Let’s assume for a moment that Ego actually had beef with the Celestials. In the Guardians sequel, he glosses over the specifics of how he came to exist: “I don’t know where I came from exactly,” he tells Peter. But it’s what he says right after that may matter more.

“First thing I remember is flickering, adrift in the cosmos, utterly—” he pauses here, a haunted and distant look creeping across his face before he finishes the sentence: “—and entirely alone.” Ego doesn’t say “alone” so much as he sighs it out. It’s clearly something that has weighed on him for a very long time.

He then continues, strength returning to his voice: “Over millions of years, I learned to control the molecules around me. I grew smarter. And stronger.” There’s a distinct edge to Ego’s voice as he spits out “stronger.” That strength is particularly meaningful to him. Why? It’s not clear. Is it something Russell baked into his performance because that’s how it was scripted? Or perhaps just a coincidence?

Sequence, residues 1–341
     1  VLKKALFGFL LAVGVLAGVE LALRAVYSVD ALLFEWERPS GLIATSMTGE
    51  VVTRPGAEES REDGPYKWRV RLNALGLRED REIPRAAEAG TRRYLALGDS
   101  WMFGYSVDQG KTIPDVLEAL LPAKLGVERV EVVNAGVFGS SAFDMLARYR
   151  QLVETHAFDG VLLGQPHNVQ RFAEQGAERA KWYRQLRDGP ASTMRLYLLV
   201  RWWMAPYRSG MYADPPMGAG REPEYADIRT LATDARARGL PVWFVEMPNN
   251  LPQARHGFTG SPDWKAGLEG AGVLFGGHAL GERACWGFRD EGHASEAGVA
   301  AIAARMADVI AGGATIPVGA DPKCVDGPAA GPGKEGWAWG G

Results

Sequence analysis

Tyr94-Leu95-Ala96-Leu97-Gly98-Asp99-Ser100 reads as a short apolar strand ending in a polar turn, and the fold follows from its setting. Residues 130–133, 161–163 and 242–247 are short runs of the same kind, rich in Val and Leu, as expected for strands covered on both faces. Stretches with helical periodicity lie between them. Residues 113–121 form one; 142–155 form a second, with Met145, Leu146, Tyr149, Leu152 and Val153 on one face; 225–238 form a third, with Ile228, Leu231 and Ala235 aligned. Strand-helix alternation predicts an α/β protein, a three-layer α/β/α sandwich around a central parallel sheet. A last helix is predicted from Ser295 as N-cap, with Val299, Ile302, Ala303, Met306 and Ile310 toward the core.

Whatever the truth may be behind Russell’s performance in that scene, the MCU’s Ego is indisputably a villain and a liar. He’s not someone who can be trusted. Just because he said he’s a Celestial, that doesn’t make it true. But the possibility that he did lie about this detail immediately raises the question: Why? What purpose did that lie, delivered to Peter and his friends, serve?

If that’s how things went down and there’s really a question to be answered there, then Eternals strongly suggest that answers are coming in our next Guardians of the Galaxy adventure, which is tentatively set for a May 2023 release.

Eternals opens in theaters Nov. 5.